United States: The Ropes Recap: Mergers & Acquisition Law News - Second Quarter 2014


Delaware Supreme Court Upholds Facial Validity of Fee-Shifting Provisions in Bylaws of Delaware Non-Stock Corporation

On May 8, 2014, the Delaware Supreme Court sitting en banc unanimously decided ATP Tour, Inc. v. Deutscher Tennis Bund (German Tennis Federation), No. 534 (2013) (Del. May 8, 2014). The court held that fee-shifting provisions in the bylaws of a Delaware non-stock corporation are on their face valid and are enforceable against members who joined before their adoption. The Court further stated that adopting fee-shifting provisions with an intent to deter litigation would not necessarily render such bylaws unenforceable. The Court's conclusion logically extends to Delaware stock corporations, as its analysis draws upon case law concerning Delaware stock corporations and the Delaware General Corporation Law (DGCL) and describes bylaws as a contract between a company and its investors (under which the typical American Rule that each party bear its own attorneys' fees and costs could be modified).


ATP Tour, Inc. (ATP), a Delaware membership corporation, operates a global professional men's tennis tour. ATP's members include entities which own and operate tennis tournaments, and tennis players. Two entities, Deutscher Tennis Bund (DTB) and Qatar Tennis Federation (QTF) joined ATP in the early 1990s and agreed to be bound by its bylaws, as amended from time to time. In 2006, ATP's board of directors amended ATP's bylaws to add a provision stating that if a current or former member initiates litigation against ATP, and "does not obtain a judgment on the merits that substantially achieves, in substance and amount, the full remedy sought," then the member initiating litigation would be obligated to reimburse ATP for any fees, costs and expenses incurred by ATP in connection with such litigation. In 2007, these entities challenged a decision made by ATP, suing the company and six of its seven directors in the U.S. District Court for the District of Delaware. The plaintiffs lost their claims on the merits, and ATP moved to recover its fees, costs and expenses pursuant to the new fee-shifting provision. The District Court certified questions concerning the validity and enforceability of fee-shifting bylaws to the Delaware Supreme Court, which found such bylaws to be facially valid.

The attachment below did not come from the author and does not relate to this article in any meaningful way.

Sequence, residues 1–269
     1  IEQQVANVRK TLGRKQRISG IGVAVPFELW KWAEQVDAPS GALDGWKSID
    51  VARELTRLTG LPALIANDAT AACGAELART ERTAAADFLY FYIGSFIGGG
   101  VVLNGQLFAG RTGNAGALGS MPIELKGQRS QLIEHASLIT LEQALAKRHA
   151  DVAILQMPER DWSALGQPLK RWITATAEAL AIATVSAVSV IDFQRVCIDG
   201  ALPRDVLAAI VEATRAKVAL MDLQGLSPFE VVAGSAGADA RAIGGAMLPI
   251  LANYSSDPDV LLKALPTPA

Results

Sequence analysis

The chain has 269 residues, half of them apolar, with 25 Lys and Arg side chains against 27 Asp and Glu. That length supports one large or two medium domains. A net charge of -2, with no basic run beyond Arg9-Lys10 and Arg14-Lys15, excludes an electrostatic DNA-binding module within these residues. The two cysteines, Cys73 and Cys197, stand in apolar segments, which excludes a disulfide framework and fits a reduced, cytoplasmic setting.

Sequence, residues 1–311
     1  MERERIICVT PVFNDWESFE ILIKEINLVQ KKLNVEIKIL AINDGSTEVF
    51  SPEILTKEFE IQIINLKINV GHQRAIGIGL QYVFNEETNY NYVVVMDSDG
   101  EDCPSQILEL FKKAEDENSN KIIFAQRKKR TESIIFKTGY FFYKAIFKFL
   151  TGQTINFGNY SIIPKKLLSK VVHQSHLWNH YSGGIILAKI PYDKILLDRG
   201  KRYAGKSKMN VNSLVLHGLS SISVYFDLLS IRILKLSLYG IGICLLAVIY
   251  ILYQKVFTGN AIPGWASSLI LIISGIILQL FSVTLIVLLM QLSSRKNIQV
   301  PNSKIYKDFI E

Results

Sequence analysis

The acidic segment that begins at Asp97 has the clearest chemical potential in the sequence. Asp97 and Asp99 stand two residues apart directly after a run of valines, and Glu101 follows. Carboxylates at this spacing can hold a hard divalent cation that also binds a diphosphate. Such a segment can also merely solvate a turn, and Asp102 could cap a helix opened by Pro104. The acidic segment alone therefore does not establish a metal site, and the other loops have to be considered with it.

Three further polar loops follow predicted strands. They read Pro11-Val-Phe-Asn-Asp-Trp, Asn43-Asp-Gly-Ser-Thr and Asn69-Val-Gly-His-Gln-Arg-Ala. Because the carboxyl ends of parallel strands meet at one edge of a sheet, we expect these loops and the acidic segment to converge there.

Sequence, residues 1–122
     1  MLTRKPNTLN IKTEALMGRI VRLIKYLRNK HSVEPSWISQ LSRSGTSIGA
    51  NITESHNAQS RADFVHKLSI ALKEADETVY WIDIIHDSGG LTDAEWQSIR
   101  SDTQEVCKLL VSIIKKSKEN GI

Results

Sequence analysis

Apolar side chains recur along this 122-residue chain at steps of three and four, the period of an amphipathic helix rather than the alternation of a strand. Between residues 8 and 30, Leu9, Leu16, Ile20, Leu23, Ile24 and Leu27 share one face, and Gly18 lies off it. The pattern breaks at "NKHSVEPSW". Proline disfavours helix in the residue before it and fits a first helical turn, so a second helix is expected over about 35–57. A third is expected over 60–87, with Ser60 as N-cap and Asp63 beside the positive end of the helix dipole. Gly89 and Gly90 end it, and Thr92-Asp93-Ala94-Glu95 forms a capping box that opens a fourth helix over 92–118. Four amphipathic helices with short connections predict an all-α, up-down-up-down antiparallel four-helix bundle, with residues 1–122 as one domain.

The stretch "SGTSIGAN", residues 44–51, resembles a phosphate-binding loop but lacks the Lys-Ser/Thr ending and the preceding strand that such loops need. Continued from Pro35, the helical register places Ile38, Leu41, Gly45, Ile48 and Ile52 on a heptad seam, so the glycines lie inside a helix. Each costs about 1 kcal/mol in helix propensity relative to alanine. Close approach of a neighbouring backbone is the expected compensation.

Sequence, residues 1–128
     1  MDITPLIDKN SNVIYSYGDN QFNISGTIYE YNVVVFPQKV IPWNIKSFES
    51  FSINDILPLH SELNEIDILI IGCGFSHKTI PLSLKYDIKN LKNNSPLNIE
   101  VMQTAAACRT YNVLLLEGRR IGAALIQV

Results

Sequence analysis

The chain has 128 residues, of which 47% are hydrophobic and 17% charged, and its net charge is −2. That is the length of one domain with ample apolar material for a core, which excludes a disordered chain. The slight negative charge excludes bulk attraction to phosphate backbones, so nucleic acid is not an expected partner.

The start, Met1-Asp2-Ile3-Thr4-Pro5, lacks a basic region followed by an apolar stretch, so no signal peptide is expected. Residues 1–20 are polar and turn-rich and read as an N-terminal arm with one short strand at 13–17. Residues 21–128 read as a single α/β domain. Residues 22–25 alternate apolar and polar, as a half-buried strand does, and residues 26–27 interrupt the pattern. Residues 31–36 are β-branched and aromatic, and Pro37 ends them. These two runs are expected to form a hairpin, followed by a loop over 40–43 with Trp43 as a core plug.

Key Takeaways

Shifting Litigation CostsShifting the cost of defending litigation to unsuccessful plaintiffs could decrease the frequency of shareholder litigation against Delaware corporations and mitigate the significant costs, monetary or otherwise, of shareholder litigation. However, such measures may also have the unintended effect of discouraging meritorious litigation.

Potential Delaware Legislative ResponseIn response to the Court's decision, the Delaware State Bar Association proposed an amendment to the DGCL that would effectively overrule the Delaware Supreme Court's ruling. The amendment aimed to limit the applicability of the holding to only non-stock corporations and limit the imposition of monetary liability by Delaware corporations on stockholders through charter or bylaw provisions. As a result of lobbying efforts by several Delaware headquartered corporations, the Delaware legislature has tabled until early 2015 discussion of the proposed amendment.

Amending BylawsIn the interim, boards of directors of both public and private Delaware corporations may seek to amend their bylaws to adopt fee-shifting provisions, either in the form permitted by the ATP Tour decision or an alternative that seeks to take into account the potential legislative response to the decision. Given the current uncertainty at the legislature, such provisions run the risk of being rendered invalid by future legislative action. Delaware corporations must also consider the possibility that activist stockholders may try and adopt provisions that oppose or restrict any fee-shifting construct. Boards should consider the corporate environment in which such provisions are adopted and how stockholders and proxy advisory firms may react and whether it may be seen as an anti-corporate governance maneuver.